I'm not going to say that I feel sorry for Multi-Billion dollar companies raking in Billions in profit, but I do have some empathy for them given how the media is reacting to the news:
More fees, less choice for air travellers - As airlines are making money again. Joan Lowy, Seattlepi.com
U.S. Airlines set $1.7B baggage fee record. Damon Scott, New Mexico Business Weekly
The overreaching editorial here is that the airlines are somehow acting beyond the pale by collecting such obscene amounts of baggage fees from the poor, hapless passenger. How dare they?
If anything, the airlines are finally making passengers pay for their portion of the weight that's housed in the cargo bay, something that wasn't as necessary before 2008 and the higher price of fuel. To the airline's credit they knew, when this idea was hatched, that it would not be popular with the general flying public. They first attempted to deal with this high cost by cutting. Free snacks in coach, blankets, pillows. Each new mini-outrage (seriously, was it so bad that you weren't getting that little packet of pretzels any longer, or those tiny pillows?) received breathless proclamations and editorials in newspapers that things have finally reached the point of no return. Then came the bag fees, and the outcry. What was missed is the story that the flying public has, for the most part, come to accept these fees as a cost of convenience.
Are they well liked? No.
They're tolerated, kind of like your crazy uncle during Thanksgiving holiday.
The funny (and also under reported) thing is this: If you do a little travel planning you can avoid paying most of the fees, unless you feel that you need to bring your entire wardrobe along for a 5 day trip. If you want to avoid paying fees for bags consider the following:
1. Every airline has an attached miles credit card that allows for a certain number of free bags per flight. I don't get paid for credit card referrals so I'm not going to pimp one card over the other here but they are available. And I've said before that I think the perks are going to become even more plentiful in the future.*
2. Domestically, there are no baggage fee airlines. Southwest being the most obvious but they're out there. Note this though: Even Southwest charges for the third bag. The point is that, most fliers, DO have options, it's just that travel reporters are too lazy to go out there and look for them. JetBlue is also free for the first bag. Between those two airlines you can access a majority of the country flying with one bag.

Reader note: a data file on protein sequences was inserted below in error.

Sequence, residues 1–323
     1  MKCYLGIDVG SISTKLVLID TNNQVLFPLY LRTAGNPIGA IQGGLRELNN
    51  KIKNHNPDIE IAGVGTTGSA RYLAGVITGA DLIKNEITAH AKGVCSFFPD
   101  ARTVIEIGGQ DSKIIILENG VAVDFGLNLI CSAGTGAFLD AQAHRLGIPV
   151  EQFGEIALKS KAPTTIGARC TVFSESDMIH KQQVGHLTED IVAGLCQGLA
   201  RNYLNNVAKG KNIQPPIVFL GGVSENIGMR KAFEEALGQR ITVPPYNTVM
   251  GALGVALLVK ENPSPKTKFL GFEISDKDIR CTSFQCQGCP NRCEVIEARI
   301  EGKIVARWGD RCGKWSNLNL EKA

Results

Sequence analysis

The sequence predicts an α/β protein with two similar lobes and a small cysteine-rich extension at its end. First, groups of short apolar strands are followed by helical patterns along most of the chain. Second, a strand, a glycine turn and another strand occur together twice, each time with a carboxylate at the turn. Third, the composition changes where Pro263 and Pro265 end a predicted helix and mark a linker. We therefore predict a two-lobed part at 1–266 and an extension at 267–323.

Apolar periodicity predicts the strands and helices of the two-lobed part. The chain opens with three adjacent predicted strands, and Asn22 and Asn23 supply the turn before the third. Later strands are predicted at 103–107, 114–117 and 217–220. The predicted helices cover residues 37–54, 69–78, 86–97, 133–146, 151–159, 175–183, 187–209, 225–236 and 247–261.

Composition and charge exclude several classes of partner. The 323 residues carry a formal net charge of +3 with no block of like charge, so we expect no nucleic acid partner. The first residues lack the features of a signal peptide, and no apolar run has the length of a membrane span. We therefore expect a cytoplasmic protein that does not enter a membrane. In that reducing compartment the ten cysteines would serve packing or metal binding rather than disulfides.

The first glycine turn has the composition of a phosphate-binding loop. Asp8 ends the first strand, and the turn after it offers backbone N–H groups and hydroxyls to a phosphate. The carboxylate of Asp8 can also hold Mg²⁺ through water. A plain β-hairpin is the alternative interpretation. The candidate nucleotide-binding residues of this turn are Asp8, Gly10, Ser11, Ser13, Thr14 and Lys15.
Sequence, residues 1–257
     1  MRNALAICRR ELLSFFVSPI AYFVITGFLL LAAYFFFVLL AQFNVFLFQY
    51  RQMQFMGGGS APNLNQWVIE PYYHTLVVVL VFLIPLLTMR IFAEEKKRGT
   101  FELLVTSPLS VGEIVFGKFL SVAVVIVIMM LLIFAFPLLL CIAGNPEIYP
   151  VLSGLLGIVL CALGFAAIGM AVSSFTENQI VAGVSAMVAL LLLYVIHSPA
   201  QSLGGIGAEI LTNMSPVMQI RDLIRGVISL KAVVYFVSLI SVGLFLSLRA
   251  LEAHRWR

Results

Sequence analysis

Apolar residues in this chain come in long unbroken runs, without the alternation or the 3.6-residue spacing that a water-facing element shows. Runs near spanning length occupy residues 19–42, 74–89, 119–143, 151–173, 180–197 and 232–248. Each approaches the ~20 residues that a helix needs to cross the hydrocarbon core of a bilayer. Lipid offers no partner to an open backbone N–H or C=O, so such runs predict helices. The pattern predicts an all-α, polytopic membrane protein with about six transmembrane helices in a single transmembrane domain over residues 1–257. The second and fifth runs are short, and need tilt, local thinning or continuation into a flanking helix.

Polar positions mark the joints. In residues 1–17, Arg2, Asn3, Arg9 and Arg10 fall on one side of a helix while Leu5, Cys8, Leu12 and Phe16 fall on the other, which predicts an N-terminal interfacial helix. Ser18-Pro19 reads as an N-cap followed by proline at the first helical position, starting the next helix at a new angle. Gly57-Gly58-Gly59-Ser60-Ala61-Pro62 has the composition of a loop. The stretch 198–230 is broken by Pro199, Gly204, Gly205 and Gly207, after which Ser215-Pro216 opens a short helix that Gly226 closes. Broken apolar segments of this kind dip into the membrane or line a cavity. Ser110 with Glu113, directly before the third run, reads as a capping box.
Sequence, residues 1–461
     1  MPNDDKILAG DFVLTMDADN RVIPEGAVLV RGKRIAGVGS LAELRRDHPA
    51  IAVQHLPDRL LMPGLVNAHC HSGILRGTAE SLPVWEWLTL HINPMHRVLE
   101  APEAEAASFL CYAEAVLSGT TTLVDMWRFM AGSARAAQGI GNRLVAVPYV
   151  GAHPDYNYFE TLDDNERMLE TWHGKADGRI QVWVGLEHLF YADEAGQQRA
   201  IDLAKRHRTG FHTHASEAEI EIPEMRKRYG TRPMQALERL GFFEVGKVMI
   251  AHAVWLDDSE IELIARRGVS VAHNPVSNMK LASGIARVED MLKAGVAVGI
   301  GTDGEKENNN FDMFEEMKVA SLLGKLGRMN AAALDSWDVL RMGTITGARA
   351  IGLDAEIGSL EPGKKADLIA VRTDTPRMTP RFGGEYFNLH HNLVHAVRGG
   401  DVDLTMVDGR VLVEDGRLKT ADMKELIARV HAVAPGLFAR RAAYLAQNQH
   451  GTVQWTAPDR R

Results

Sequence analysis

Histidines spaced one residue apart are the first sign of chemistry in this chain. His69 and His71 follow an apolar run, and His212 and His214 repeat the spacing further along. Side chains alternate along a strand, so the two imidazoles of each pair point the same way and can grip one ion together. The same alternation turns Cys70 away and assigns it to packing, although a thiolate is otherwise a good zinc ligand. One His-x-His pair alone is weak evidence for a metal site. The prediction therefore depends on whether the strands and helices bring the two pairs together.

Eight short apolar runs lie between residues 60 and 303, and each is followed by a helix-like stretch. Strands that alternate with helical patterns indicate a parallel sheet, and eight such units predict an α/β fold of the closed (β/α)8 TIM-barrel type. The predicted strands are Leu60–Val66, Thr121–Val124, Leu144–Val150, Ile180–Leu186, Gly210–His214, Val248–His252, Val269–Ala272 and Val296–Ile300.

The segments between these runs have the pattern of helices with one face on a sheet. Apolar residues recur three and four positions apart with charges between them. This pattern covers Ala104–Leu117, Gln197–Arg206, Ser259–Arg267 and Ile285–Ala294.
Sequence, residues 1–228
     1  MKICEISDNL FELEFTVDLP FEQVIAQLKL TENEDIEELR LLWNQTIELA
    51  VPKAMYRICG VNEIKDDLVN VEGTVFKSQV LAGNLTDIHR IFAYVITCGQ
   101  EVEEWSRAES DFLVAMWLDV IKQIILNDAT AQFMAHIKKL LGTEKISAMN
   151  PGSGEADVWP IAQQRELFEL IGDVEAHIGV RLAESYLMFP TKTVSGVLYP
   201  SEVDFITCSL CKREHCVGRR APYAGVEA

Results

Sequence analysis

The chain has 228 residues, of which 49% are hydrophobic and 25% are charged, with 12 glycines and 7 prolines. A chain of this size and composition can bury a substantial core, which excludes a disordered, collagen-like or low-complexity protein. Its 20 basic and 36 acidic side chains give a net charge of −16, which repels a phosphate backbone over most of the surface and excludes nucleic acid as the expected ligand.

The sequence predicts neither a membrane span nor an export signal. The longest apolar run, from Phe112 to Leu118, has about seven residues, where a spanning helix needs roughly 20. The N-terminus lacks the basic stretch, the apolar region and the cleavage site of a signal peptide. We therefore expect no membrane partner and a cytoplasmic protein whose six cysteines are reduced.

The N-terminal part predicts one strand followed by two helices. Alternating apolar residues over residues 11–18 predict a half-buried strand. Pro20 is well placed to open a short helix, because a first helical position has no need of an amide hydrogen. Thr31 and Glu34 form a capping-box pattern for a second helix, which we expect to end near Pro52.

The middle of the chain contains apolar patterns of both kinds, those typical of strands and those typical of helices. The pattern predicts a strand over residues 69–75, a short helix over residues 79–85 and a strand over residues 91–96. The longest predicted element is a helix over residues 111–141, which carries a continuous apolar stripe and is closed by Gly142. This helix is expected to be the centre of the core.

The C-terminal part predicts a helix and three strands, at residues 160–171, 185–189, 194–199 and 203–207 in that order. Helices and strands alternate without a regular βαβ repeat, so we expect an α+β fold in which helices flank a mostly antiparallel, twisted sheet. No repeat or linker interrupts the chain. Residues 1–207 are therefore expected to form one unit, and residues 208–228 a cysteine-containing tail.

3. If you travel even a moderate amount, join a frequent flier plan. Not doing this is the biggest mistake many travellers make. Even the lowest tier on the plan offers some type of free bag allowance. You're not adding your FF number to your work trips? Unless your company has a policy against it, why not?
4. Even the legacy carriers allow one free checked bag per ticket on International flights. Again, do you really need that redundant hair dryer, five cases of make-up, 10 pairs of pants and five pairs of shoes and a baseball cap per day for a 5 day trip?
5. Piggy-backing on #4: How do you pack? Many bag fees can be avoided simply by good packing. My carry-on luggage is a 20" TravelPro roller-board and a back-pack. I can pack for up to 6 days in warm weather using both of those, 4-5 in cool or cold weather. I've taken many Inter-continental trips where I haven't checked a bag. Oh, and my wife has as well so this is not a gender thing. You might want to consider buying some travel space bags. Wonderful inventions.
I realize that, to those of you who travel, this is rudimentary and just common sense stuff but, reading the comments on many travel articles, it seems that common sense is a lot less common than we all want to believe. At heart, this blog's travel posts are about making it work in the back cabin of the plane with the occasional pity bump into domestic First or Business. As rudimentary as these things sound, I will be putting them into practice on my next trip to Rome. I'm flying the "I hate my life" special on US Airways coach, an airline on which I have zero status. The wife and I are going to be spending five days there and we will be checking one small bag, mainly so that we have some room for souvenirs on the flight back. Since we're looking down the barrel at 10+ hours in US coach seating I'm fully planning on spending that saved luggage-fee money on some good seat-cushions and aids for sleeping on planes. Priorities.